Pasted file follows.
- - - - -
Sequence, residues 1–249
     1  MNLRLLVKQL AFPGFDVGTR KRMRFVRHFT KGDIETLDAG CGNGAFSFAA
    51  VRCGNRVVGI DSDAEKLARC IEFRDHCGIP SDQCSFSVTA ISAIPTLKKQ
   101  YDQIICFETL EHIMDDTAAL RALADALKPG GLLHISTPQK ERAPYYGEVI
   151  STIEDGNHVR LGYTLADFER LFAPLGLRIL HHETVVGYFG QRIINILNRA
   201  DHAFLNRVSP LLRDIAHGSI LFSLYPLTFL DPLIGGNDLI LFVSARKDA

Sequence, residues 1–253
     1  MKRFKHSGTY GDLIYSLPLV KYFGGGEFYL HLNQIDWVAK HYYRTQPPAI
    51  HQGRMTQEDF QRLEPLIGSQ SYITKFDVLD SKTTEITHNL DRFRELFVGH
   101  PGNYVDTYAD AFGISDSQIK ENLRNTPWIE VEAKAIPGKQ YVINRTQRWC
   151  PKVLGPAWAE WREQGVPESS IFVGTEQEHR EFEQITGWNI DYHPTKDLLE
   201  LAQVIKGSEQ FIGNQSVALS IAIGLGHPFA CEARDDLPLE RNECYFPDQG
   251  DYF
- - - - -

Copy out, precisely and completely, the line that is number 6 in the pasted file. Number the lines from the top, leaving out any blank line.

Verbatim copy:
   201  DHAFLNRVSP LLRDIAHGSI LFSLYPLTFL DPLIGGNDLI LFVSARKDA